Fw: Civil Mariners To Help Run U.S. Amphib
- Defense News
November 15, 2010
Civil Mariners To Help Run U.S. Amphib
By SAM FELLMAN
The U.S. Navy will put a detachment of civil-service mariners on a yet-to-be named amphibious ship during the next year.
The trial will test the feasibility of “hybrid crews” aboard amphibious ships, a drastic change under consideration as the Navy tries to cut runaway manpower costs, Chief of Naval Operations Adm. Gary Roughead said, announcing the initiative November 10 in a speech in Washington. Fewer civilian engineers may be required to run the same engineering plant, he said.
The idea came up in a discussion when amphibs were compared with command ships and submarine tenders, which are already manned by hybrid crews, Roughead said.
“We looked at the logistics force and someone said, ‘You know, the amphibious ships are basically the same type of ship.’ They do have more complex combat systems on them that have a lot of need for sailors on board. And so I said I was comfortable with doing a pilot to see how it would work.” He said, “We’re going to take one ship and we’ll see what we learn. It may lead us to nothing more than having to make some modifications to how we run on some of the [Military Sealift Command] ships.” In July, Adm. John Harvey, head of Fleet Forces Command, asked MSC to look at options for hybrid crews aboard amphibs.
If extended to the fleet, the idea may have large-scale consequences for the enlisted force. Engineering billets could be drastically cut; steam-specific ratings would likely disappear.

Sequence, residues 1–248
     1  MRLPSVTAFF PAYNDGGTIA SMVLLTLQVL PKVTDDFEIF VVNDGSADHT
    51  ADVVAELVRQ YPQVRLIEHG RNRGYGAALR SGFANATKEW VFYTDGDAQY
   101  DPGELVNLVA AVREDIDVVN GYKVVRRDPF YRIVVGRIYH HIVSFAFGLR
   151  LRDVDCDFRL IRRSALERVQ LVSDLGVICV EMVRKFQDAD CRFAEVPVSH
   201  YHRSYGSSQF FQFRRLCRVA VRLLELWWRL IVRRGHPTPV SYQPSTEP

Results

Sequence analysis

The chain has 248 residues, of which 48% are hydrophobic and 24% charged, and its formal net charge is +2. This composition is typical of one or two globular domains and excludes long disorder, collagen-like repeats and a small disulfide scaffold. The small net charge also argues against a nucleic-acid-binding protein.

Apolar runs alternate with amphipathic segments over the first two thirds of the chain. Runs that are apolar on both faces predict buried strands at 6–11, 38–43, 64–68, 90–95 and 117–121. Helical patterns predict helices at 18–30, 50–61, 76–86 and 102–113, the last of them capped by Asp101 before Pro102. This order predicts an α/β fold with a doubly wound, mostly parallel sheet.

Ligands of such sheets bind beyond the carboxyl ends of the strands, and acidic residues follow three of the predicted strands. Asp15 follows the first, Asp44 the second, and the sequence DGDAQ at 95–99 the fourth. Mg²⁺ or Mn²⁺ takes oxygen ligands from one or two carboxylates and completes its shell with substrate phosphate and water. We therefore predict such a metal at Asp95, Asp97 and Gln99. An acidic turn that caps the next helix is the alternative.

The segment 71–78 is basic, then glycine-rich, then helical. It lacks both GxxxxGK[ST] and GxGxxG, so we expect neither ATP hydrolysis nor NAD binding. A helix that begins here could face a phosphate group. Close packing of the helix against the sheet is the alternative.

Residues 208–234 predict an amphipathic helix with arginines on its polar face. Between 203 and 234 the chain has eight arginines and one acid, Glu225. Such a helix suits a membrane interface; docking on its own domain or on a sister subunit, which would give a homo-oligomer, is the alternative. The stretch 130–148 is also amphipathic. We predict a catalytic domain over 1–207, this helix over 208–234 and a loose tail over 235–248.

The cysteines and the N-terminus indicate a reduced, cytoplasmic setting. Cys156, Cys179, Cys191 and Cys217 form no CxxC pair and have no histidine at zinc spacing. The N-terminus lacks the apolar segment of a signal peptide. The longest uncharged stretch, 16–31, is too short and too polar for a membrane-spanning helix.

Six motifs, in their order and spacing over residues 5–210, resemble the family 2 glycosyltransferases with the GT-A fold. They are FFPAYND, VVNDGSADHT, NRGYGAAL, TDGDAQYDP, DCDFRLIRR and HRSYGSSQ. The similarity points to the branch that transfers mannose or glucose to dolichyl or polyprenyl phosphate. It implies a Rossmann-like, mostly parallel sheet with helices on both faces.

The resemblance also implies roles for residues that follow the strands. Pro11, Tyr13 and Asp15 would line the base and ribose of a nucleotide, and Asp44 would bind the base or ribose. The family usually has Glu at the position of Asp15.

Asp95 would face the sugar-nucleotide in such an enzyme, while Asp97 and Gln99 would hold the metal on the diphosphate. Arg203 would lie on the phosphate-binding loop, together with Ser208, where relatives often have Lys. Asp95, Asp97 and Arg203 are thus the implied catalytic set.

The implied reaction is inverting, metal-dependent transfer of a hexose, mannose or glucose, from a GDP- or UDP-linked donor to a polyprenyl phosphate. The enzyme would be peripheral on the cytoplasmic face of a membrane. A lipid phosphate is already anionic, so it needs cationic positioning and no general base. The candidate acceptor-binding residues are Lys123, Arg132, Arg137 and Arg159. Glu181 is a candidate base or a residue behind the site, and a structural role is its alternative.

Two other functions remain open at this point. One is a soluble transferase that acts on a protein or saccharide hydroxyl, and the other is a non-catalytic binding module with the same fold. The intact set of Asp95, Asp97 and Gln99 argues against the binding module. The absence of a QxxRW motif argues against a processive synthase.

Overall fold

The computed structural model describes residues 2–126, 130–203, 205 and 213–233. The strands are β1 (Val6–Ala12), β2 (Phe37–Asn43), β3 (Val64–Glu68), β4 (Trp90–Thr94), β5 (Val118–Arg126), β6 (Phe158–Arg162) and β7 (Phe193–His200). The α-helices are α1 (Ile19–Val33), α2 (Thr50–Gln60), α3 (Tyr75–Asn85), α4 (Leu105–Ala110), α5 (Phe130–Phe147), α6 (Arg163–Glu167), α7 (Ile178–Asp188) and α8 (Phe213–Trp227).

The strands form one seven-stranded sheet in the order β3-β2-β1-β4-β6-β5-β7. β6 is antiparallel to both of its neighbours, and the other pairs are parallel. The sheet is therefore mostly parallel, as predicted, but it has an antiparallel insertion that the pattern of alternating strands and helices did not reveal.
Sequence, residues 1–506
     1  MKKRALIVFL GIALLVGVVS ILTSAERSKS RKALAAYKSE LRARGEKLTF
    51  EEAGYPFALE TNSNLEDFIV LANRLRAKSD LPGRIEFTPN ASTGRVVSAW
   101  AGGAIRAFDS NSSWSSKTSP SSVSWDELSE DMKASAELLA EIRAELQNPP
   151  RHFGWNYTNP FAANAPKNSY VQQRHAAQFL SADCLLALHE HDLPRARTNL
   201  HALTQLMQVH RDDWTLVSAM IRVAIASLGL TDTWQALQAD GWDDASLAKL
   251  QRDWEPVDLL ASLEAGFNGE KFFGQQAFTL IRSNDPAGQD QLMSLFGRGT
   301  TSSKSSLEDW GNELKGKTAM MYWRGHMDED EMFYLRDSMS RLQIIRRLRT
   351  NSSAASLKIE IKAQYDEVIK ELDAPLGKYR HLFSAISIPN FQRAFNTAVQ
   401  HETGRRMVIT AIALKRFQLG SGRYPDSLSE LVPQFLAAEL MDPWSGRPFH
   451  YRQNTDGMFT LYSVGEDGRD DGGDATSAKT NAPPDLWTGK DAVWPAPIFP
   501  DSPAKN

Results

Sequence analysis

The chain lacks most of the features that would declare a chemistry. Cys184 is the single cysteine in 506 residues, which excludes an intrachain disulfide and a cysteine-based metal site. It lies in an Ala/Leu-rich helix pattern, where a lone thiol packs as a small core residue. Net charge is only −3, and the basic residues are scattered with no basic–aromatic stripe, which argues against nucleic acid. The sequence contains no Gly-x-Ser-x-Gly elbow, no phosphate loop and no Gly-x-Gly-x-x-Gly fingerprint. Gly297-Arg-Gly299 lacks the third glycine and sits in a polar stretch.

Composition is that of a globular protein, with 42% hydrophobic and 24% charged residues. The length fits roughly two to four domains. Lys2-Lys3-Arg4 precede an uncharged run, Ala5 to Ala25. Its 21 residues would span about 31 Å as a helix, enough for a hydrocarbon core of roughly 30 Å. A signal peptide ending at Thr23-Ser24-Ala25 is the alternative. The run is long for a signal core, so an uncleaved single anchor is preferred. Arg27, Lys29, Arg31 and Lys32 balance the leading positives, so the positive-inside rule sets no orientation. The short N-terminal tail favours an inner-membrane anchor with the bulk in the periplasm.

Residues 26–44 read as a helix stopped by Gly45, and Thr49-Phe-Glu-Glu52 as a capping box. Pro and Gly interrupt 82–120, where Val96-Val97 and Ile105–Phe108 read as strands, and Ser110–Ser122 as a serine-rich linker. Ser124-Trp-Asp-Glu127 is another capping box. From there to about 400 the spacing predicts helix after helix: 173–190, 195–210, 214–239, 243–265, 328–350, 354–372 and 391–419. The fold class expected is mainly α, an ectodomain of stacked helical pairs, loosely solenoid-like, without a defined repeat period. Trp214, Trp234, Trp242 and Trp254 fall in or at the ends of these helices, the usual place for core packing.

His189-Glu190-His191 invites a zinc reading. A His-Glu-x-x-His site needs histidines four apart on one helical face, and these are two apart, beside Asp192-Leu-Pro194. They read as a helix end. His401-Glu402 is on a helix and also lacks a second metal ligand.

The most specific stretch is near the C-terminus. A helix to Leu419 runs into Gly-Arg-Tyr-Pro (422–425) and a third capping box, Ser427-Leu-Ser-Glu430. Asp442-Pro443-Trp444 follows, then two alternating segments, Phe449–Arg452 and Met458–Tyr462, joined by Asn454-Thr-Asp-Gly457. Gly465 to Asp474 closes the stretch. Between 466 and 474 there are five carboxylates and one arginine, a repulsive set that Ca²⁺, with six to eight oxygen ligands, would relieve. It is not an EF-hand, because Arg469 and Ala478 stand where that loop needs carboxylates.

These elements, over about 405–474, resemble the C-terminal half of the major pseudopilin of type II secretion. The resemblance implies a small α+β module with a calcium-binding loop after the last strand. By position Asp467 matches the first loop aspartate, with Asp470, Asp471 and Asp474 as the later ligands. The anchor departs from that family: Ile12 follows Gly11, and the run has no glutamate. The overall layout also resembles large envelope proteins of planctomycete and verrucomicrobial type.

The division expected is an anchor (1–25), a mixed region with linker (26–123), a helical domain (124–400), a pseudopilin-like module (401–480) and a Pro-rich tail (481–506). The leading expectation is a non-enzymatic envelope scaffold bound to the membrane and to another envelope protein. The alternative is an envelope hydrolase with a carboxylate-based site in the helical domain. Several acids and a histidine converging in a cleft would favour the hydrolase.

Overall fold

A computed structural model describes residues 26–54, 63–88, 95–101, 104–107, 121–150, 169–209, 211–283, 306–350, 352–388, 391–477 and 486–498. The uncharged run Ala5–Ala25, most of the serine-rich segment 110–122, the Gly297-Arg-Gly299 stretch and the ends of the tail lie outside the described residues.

“It’s not simply a matter of running with a mixed crew,” Roughead said. “There’s some laws-of-war issues we have to take a look at where the ships may operate, but I do believe it will give us some good information.” Navy spokesmen declined to specify what ship or even what class would be involved with the trial, or what departments on board will be transferred to civilian management. The most likely candidate is the engineering department. Roughead noted that sealift ships operate with fewer engineers on board, a setup that may save money on amphibious ships, but he declined to specify how much. It also is possible that the civilians would take over other departments, such as supply or deck, both run by civilians on supply ships.
- Hybrid sailors already serve in several communities, including the patrol coastal crews, who trade hulls with other crews for training at Naval Amphibious Base Little ...www.navytimes.com/news/2007/08/navy_hybridsailor_070825 - Cached